Friday, January 2, 2009

Mommy Guilt and More Nursing Notes

Hello to Jess! So glad you decided to comment. I stole a few minutes to read a few of your posts. I love your blog!

In response to your kind comment let me just say that I don't feel any pressure at all to breastfeed. My main reason for wanting it to work so badly is that I simply love nursing. I'm not relaxed by nature, so maybe that is why I feel I need that skin-nursing time with my babies? It releases natural relaxation hormones in both mother and baby. I just feel so good about it, and I know if it doesn't work out I will have regret and sadness for a long, long time.

I am fortunate that the pump works for me, but it still doesn't drain the breasts as well as baby; I end up with frequent clogged ducts. Plus, the pump rental is $40/mo, which is no small change to us. And God knows I don't have any extra minutes right now, so keeping up with the pumping for two years would be extremely difficult. Could a pump even guarantee a good supply for two years? I don't know.

Anna Grace nursed three times in a row on Wednesday; I was almost ready to do the victory dance. Then she didn't nurse for the next two feedings. The following day she only nursed twice, and today she got on the left side twice in a row. Our main problem right now is not the nursing or pumping so much. Rather, it's the incredibly long time it can take her to eat. It takes up all of my time, not matter whether it is the tube feeding or the breast. I felt like crying yesterday because it took her three hours to finish two ounces. I took breaks, but it still meant I could do little else, and the other kids definitely felt neglected and Don felt overwhelmed by having to do everything else.

I called the pediatrician today and asked him about the long, drawn out feedings. He was sympathetic and said to keep the feedings to twenty or thirty minutes, trying again when she seems hungry. He said it will improve with time and that at this point it didn't indicate any problem. Her pattern is to take five to ten sucks at a time, then rest. Her eyes are often closed for most of the feedings, except initially.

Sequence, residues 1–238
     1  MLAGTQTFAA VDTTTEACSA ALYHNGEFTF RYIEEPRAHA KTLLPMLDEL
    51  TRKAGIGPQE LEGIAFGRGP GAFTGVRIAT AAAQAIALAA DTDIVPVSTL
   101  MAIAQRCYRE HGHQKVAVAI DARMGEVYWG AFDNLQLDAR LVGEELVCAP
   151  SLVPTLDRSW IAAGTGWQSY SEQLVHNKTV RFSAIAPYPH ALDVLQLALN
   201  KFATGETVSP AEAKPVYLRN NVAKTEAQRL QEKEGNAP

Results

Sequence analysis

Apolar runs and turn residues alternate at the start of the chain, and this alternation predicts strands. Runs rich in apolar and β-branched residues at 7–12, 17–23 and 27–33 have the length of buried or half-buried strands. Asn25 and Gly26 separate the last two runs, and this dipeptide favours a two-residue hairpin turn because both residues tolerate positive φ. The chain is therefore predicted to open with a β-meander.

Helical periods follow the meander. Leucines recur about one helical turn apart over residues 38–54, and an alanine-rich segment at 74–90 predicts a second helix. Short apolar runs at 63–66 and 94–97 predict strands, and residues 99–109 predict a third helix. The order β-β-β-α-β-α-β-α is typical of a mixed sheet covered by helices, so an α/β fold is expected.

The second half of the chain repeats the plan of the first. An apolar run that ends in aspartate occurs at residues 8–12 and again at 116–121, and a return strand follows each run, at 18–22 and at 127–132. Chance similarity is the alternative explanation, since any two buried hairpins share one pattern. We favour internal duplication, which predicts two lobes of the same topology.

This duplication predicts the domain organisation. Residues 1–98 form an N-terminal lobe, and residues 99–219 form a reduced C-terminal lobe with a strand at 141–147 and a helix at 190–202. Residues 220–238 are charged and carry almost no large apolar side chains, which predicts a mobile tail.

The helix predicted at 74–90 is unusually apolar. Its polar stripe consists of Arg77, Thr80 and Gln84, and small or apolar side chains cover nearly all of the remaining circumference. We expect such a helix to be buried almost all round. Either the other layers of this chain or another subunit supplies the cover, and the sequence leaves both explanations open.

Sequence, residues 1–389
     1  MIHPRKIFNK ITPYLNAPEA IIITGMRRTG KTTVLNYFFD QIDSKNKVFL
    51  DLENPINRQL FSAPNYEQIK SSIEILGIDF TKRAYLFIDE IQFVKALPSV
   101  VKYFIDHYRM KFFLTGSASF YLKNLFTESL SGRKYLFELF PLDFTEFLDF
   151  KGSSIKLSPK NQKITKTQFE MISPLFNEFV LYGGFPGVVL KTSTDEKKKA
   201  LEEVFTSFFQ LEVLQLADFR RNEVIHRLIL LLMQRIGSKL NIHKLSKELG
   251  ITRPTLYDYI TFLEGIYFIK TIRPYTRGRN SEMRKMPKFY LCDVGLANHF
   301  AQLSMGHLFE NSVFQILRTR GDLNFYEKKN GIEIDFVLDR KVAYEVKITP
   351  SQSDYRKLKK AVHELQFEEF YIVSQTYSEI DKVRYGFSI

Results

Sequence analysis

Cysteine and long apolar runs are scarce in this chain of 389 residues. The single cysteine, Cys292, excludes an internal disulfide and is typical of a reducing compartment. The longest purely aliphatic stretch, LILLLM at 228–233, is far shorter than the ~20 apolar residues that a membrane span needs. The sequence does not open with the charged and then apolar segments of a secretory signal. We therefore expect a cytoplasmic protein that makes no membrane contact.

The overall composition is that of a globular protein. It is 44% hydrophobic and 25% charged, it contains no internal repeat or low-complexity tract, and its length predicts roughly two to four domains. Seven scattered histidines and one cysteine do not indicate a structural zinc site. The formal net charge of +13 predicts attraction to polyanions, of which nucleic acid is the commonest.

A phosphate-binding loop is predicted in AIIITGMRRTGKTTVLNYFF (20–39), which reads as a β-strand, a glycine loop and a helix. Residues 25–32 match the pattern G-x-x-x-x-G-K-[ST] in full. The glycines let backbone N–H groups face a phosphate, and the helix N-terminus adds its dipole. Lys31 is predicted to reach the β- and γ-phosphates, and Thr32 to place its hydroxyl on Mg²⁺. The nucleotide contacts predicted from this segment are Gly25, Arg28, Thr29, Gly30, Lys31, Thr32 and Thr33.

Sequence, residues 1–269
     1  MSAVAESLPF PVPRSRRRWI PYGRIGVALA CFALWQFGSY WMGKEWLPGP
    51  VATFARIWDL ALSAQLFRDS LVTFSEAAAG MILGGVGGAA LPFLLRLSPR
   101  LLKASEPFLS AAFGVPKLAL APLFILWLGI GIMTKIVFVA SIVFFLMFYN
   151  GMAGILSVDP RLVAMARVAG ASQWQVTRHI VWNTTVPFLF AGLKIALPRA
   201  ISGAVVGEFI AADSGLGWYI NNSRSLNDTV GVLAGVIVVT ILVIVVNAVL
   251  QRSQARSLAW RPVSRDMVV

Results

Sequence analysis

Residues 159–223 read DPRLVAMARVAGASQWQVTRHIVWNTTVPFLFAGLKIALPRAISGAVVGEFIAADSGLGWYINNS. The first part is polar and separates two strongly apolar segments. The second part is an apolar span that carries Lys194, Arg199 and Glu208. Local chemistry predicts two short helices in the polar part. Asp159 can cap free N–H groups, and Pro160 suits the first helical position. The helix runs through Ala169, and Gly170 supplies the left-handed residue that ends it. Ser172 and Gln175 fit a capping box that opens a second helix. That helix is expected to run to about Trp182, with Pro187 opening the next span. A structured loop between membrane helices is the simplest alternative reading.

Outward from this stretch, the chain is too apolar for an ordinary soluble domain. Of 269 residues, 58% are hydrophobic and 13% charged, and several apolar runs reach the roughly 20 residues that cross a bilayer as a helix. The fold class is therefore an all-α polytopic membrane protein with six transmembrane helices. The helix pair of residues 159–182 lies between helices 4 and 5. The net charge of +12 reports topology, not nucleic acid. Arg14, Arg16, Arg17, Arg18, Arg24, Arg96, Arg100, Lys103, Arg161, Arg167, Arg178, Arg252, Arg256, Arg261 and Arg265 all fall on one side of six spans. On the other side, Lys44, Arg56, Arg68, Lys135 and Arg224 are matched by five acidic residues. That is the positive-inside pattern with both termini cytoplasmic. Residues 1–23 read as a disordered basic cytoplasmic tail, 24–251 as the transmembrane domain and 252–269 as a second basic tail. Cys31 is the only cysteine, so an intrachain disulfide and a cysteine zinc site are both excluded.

She is gaining fat and having more than enough wet and soiled diapers; in fact, she's a constant pooper, going before, during and after her feedings. We're spending a fortune on wipes, which I recall happening with Emily initially also. After a couple of months I'm sure the frequency will improve. Daniel, at two to three months old, often went a couple weeks without pooping, since breast milk is processed so completely by their bodies. His pediatrician said the record for their office was three weeks (of no poops) for a breastfed baby. Can't wait for that!

I am feeling overwhelmed with the responsibility of making each child feel loved and special. A large family, I'm realizing, definitely comes with many challenges and more parental guilt. Mrs. Duggar just had her eighteenth child! I would sure love to pick her brain. In larger families it seems as though the children benefit from the sibling relationships and the joy and fun inherent in a bigger familial unit, but definitely each child, especially the later-born ones, miss out on a really close relationship with parents. It is a trade off and one I will have to come to accept, while still doing my best to have special one-on-one time with each child. Many of the rewards will come later, when everyone can pour their own drinks and wipe their own bottoms.

I felt some pressure from a few relatives and one church member not to isolate my older three kids, in order to prevent them from bringing home colds or other illness to Anna Grace. My initial plan was for us to hibernate for a month to keep Anna well. I am now so sorry I decided to let the kids go to church last week! Emily came down with a bad cold on Wednesday; the church nursery was the only place she had been. Now we all have it and I'm fearful of Anna coming down with it. It could very likely be an RSV-related cold virus. They used to cause the croup in Daniel and this morning I noticed his familiar barking cough appearing. He doesn't get the stridor anymore (grew out of it), only the characteristic cough. There are several cold viruses that cause RSV, and they are all nasty, although not dangerous for most children. Preemies can be in danger from them or any child with a compromised immune system. But it is never good to get something so nasty at less than a month old. We're praying and washing our hands like fiends.

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